It’s a Hondo Fatboy, which is a copy of the Gibson L5 – a (very) large-bodied archtop with F holes, first made in the 1920s. The Fatboy was made from the late 1970s to the late 1980s, but this one appears to be from around 1980 or 1981. The model was manufactured in Korea by Samick, and was one of the first (or perhaps the very first – sources vary) production guitars to feature DiMarzio pickups, which may surprise some of you who associate DiMarzio only with super-high-gain pickups for metal dudes.

Hondo Fatboy – a big beast of a guitar

When my grandfather gave it to me, it had been in a cupboard for some years, which had taken its toll on the neck. It had a super-high action for years, because that was the only way I could get all the notes to play without choking. Eventually, I realised that meant something was definitely wrong with it, and even more eventually I realised that it could probably be repaired, so I took it to Bob Johnson of Legra Guitars for his expert view. Diagnosing a severe case of warping, he took the neck off, took the fingerboard off the neck and straightened them both (at this point, I can’t remember how – I imagine by heat-pressing them). He also replaced the knackered old wiring. For my part, I swapped the original uncompensated saddle with a tune-o-matic style bridge – precise tuning being more important in my world than historical accuracy, though I do still have the original bridge.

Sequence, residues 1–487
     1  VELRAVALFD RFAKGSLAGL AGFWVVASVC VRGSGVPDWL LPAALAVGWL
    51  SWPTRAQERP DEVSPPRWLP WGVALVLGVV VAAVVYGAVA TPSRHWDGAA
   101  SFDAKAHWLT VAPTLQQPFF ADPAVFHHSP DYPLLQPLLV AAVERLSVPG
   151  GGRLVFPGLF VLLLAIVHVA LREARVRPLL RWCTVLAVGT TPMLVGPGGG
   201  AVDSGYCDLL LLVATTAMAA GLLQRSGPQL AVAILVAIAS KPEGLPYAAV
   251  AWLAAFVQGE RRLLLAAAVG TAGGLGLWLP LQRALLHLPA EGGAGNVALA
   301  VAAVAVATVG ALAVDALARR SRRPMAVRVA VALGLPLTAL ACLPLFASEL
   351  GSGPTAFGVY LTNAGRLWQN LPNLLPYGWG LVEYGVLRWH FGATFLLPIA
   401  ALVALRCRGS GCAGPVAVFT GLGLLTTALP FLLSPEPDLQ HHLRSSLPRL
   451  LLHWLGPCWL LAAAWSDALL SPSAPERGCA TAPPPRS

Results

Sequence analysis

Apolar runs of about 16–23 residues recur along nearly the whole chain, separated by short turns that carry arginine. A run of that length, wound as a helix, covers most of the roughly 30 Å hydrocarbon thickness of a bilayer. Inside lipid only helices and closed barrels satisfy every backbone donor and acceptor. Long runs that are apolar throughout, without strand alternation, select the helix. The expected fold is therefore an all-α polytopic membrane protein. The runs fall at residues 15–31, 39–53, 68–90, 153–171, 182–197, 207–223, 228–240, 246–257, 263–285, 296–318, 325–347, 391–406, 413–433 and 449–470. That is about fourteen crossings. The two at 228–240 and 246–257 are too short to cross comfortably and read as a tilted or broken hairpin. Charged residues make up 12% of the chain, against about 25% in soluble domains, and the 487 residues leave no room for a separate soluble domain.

And so that’s it. To non-guitarists, that probably seems like an abundance – a vast, indulgent collection. I know guitar collectors, and they wouldn’t recognise me as one of them. Serious collectors could buy all my instruments by selling just one battle-scarred 1970s Telecaster. What I do have is a toolbox with some very usable tools in it. Each instrument serves a purpose and earns its keep. I use all of them.

That said, if I had to pare it down, I could. The bare-bones version of my collection would be one electric, one acoustic and a bass. The acoustic would be the Takamine, obviously. Equally obviously, the bass would be the Jazz (it would have to be). The electric – despite how much it would pain me to lose the Casino and Les Paul – would be the Strat, though I’d have to modify it by putting a humbucker in the bridge position. Strat single coils just don’t give that heavy distortion sound I sometimes need. A coil-tappable humbucker would be the best solution. I’m not a fan of the HSS configuration on Strats visually, but it would be a sonic necessity.